Phenom Key to Sharks’ Great Start

Ben Glassman

As they move into the fourth week of the 2013-2014 season many NHL teams are at a crossroads, facing decisions on keeping junior prospects on the big-league club, goaltender depth charts and more. Clubs like New Jersey, Washington and the New York Rangers are scrambling to put together wins, while others like Philadelphia and Montreal are trying to overcome a slew of early-season injuries. Sitting pretty atop the NHL standings, however, are the San Jose Sharks.

Having racked up 15 points in eight games with a 7-0-1 record as of Monday, the Sharks have proven to be an elite team in the Western Conference once again. This season seems different than seasons past though, when veteran stars like Joe Thornton and Patrick Marleau led a high octane offense to the postseason before falling disappointingly in the early rounds.

There is a newfound excitement for the team with the astounding plus-23 goal differential. That excitement has come in the form of Tomas Hertl, the 19-year-old rookie phenom whose seven goals through eight games have put him at the top of the NHL’s goal-scoring race. Though it’s obviously a small sample size, early preseason favorites for the Calder Trophy like Seth Jones have fallen into virtual obscurity, as Hertl has taken over the race. His highlight-reel goals, especially his through-the-legs poke against the Rangers and fourth of the game on October 8th, have provided a spark for the league that’s reminiscent of Alex Ovechkin and his incredible rookie campaign.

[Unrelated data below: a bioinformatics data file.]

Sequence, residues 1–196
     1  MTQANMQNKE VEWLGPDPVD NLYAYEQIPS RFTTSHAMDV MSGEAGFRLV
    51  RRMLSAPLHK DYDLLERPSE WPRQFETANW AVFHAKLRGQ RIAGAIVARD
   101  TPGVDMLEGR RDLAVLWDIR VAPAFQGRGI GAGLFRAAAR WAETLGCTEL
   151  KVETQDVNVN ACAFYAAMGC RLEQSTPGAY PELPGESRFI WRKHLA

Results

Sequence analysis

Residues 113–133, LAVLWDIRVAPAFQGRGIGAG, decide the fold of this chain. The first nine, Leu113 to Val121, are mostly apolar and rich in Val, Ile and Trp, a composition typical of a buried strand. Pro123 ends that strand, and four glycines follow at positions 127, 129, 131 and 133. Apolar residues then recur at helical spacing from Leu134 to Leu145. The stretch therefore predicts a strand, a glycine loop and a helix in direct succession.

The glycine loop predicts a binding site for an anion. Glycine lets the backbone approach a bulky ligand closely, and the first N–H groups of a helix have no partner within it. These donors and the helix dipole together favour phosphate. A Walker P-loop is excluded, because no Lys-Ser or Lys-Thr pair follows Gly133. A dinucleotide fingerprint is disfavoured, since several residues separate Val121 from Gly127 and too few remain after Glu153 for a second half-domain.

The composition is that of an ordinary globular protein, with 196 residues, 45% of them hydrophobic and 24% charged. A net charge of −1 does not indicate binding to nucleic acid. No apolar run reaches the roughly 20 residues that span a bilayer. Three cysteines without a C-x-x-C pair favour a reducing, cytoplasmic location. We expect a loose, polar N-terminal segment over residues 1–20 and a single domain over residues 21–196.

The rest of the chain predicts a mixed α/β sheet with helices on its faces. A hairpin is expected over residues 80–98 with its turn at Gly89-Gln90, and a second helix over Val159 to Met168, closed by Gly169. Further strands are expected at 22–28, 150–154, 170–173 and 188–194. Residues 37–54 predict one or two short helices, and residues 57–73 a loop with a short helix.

Like Ovechkin, Hertl has garnered a lot of criticism for his flashy play and gaudy celebrations, but he’s also gained a huge following of fans across Canada and the U.S. Don Cherry of Canadian Broadcasting Corporation and Hockey Night in Canada has been one of Ovechkin’s most consistent and vocal critics, however, and after Hertl’s last goal against the Rangers, he sounded off once again saying Hertl shamelessly embarrassed another professional in goalie Martin Biron with his celebration in a 9-2 win.

Regardless of what traditionalists like Cherry may think about his character as a hockey player, Hertl’s performance has been nothing but beneficial for the Sharks, as they’ve dominated the Pacific Division and indeed the entire league thus far. In addition to Hertl’s play, Joe Pavelski and Patrick Marleau are second and fourth in the league respectively in points, defensemen Marc-Edouard Vlasic and Justin Braun are tied for the league lead in plus-minus and goaltender Antti Niemi has been performing well with a 1.86 Goals Against Average thus far. Most impressive though is the offensive performance of the team overall. They are currently averaging just under five goals per game, and over 40 shots per game, numbers that are preposterous in today’s NHL. For perspective, last year’s leaders in goals per game and shots per game had 3.38 and 33.1, respectively.

Again, most teams have played only nine or ten games to date this season, so the question for San Jose is if they can sustain their performance. Frankly, I don’t see why they can’t. Niemi has always been solid in goal and the big guns like Thornton, Pavelski and Marleau continue to rack up buckets of points. Add in Hertl’s jump into stardom, Dan Boyle’s eventual return from his head injury and Brent Burns playing his first full season at forward, and the Sharks appear to be a lock for a top playoff seed come April.

Still, there is a ton of hockey left to be played – over five months-worth in fact – and anything can happen. The 7-1-0 Colorado Avalanche and Anaheim Ducks are proving to be forces to be reckoned with, and the Phoenix Coyotes and Los Angeles Kings are holding their own in the Pacific Division. With the help of Hertl, however, the Sharks look unbeatable, and there seems to be no stopping them moving into November.

Contact Ben Glassman at [email protected]u.